A: There are three industrial sectors with strong development potential in Taiwan: semiconductor materials, biomedicine and software infrastructure/cybersecurity.

While there were perhaps fewer than 10 AI inference IC design companies 10 years ago, there are over 100 now. Foundation Capital has invested in two of them, Graphcore and Cerebras, both of which have an R&D collaboration with TSMC.

The computing capacity of AI inference ICs has been increased rapidly, but the computing speed and memory capacity are limited due to the materials used. IC design houses in this field must have innovative solutions to survive the competition. We’ve seen a design house replace crystalline silicon with other materials.

For biomedicine, Taiwan has two advantages: its sufficient talent and abundant centralized data available for use in biomedical AI, as well as a well-developed biomedical research ecosystem.

Software infrastructure/cybersecurity, unlike software applications, does not need to be changed to meet the needs of local markets. It also does not require an intensive capital investment. It is therefore suitable for young entrepreneurs.

For Taiwan-based startups planning to tap overseas markets and seek overseas venture capital investment, they need to prove that their products or services are marketable in their target markets and prepare strong marketing plans. The founder of the startup must know how to sell the products and services and build a strong marketing team. In the United States, it is very important that you can communicate and convince your customers in the B2B sector. You can’t expect your app to sell simply by making it available online.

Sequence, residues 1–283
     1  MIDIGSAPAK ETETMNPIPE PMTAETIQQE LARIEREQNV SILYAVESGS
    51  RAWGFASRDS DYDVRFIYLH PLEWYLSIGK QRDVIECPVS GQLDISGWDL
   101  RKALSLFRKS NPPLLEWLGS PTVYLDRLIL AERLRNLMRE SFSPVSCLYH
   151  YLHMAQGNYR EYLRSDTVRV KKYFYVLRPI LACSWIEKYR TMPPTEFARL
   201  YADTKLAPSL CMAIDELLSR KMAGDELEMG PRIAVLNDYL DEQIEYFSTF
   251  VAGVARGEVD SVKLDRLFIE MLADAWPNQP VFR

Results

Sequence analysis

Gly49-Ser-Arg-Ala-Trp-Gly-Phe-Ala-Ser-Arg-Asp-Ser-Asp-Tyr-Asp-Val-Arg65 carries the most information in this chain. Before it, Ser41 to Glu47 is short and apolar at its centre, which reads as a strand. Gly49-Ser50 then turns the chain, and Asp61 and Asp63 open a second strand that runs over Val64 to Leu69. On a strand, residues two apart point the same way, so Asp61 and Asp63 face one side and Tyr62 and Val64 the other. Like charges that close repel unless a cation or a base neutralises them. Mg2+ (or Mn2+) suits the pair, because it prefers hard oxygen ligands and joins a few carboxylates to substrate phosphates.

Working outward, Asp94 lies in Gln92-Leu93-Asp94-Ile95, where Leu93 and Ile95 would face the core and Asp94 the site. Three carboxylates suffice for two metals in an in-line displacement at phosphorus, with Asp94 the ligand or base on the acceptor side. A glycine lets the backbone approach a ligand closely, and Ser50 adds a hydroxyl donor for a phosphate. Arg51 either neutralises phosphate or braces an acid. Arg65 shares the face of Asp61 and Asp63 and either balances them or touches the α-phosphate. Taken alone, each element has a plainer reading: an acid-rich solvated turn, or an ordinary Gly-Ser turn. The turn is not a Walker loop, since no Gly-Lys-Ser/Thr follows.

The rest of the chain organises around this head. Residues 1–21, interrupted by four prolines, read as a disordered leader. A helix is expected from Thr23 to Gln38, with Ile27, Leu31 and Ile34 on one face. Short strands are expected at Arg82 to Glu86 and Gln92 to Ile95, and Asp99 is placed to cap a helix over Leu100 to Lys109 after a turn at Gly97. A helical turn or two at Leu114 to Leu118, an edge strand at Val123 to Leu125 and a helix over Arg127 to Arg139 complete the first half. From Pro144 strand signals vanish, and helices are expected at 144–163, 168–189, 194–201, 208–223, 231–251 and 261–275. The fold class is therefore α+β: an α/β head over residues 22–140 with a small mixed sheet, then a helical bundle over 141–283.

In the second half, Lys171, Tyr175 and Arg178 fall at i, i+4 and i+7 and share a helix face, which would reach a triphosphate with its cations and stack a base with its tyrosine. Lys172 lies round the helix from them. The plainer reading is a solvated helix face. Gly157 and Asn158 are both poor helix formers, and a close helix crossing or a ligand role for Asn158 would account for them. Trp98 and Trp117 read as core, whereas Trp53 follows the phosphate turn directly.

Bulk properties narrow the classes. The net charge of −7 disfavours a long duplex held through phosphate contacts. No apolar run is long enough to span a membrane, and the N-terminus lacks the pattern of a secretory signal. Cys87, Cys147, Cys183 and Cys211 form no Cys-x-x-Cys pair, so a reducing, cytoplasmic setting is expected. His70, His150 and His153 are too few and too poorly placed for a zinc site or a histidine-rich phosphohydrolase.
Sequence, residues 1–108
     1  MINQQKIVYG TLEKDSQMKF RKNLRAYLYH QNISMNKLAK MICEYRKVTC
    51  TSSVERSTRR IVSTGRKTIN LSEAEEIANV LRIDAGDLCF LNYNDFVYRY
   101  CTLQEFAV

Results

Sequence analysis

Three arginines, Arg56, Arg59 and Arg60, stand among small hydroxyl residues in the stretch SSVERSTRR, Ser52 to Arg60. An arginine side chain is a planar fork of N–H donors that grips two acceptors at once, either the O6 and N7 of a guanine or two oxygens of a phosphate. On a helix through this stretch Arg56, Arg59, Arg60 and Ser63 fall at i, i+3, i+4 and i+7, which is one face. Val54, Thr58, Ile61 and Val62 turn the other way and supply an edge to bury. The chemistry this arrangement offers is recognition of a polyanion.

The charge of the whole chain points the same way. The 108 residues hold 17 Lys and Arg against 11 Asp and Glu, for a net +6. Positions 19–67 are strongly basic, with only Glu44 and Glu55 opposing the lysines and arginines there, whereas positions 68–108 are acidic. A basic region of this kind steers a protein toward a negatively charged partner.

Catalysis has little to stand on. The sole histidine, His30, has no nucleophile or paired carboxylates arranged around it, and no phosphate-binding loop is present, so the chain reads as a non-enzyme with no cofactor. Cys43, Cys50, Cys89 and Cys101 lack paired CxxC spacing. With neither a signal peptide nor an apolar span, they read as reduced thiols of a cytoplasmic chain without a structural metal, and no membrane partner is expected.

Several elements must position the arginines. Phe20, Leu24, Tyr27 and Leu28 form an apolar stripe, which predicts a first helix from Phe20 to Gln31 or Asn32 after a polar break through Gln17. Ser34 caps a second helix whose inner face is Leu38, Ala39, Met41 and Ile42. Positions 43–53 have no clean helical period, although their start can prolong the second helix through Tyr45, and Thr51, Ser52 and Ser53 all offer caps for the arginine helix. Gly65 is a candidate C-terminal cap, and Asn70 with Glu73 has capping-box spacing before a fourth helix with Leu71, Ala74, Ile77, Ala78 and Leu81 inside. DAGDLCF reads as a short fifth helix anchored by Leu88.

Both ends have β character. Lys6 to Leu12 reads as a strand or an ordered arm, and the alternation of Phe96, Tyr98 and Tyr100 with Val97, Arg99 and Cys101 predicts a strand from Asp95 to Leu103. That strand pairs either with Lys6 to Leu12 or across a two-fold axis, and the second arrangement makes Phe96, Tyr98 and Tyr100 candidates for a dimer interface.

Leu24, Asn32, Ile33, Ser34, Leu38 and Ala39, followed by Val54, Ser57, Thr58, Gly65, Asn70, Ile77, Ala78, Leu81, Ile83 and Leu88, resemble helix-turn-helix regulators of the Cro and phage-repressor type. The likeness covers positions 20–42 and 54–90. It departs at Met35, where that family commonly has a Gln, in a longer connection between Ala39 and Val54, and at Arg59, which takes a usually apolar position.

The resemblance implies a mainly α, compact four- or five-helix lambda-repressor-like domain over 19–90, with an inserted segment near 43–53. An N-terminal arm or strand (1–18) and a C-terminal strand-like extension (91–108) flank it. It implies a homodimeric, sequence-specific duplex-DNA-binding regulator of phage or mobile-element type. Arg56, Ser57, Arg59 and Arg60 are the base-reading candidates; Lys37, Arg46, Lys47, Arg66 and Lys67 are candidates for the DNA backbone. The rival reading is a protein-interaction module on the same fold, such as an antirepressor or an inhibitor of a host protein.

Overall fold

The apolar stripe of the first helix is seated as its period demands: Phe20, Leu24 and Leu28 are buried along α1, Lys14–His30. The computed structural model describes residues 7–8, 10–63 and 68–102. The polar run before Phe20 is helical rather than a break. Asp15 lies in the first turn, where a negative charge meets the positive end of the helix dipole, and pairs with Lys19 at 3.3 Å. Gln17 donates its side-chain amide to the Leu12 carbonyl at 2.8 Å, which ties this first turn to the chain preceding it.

Q: COVID-19 has changed what was taken for granted in the past. What is your vision of future trends?

A: There are three interesting trends. The first is remote work. Due to the pandemic, many companies have to use cloud computing to allow employees to work from home or remotely, collaborate or receive training online.

The second trend is automation. There are many B2B automation software products, mostly solutions customized to meet the needs of large enterprises, in the United States, such as those developed by UiPath and Automation Anywhere. However, the demand for automation from small and medium enterprises will emerge. Unlike large enterprises that need custom automation solutions that must be supported by internal IT resources for operation and maintenance, SMBs will need next-generation automation software that is not not personalized and can be used using laptops without in-house IT staff.

The third trend is B2B automation software for finance teams, such as AI-powered automatic cost estimating and forecasting models.

(To note: This is part of the Women in Venture series, a collaboration with Digitimes strategic partner Anchor Taiwan, a platform to connect the world with Taiwan focusing on business innovation and cross-border expansion. The Women in Venture Roundtable is a network of over 80 women investors and bi-monthly sessions with world-class guest speakers. More info: Anchor Taiwan.)

Morgan Lai, Foundation Capital Partner
Photo: Michael Lee, Digitimes, July 2020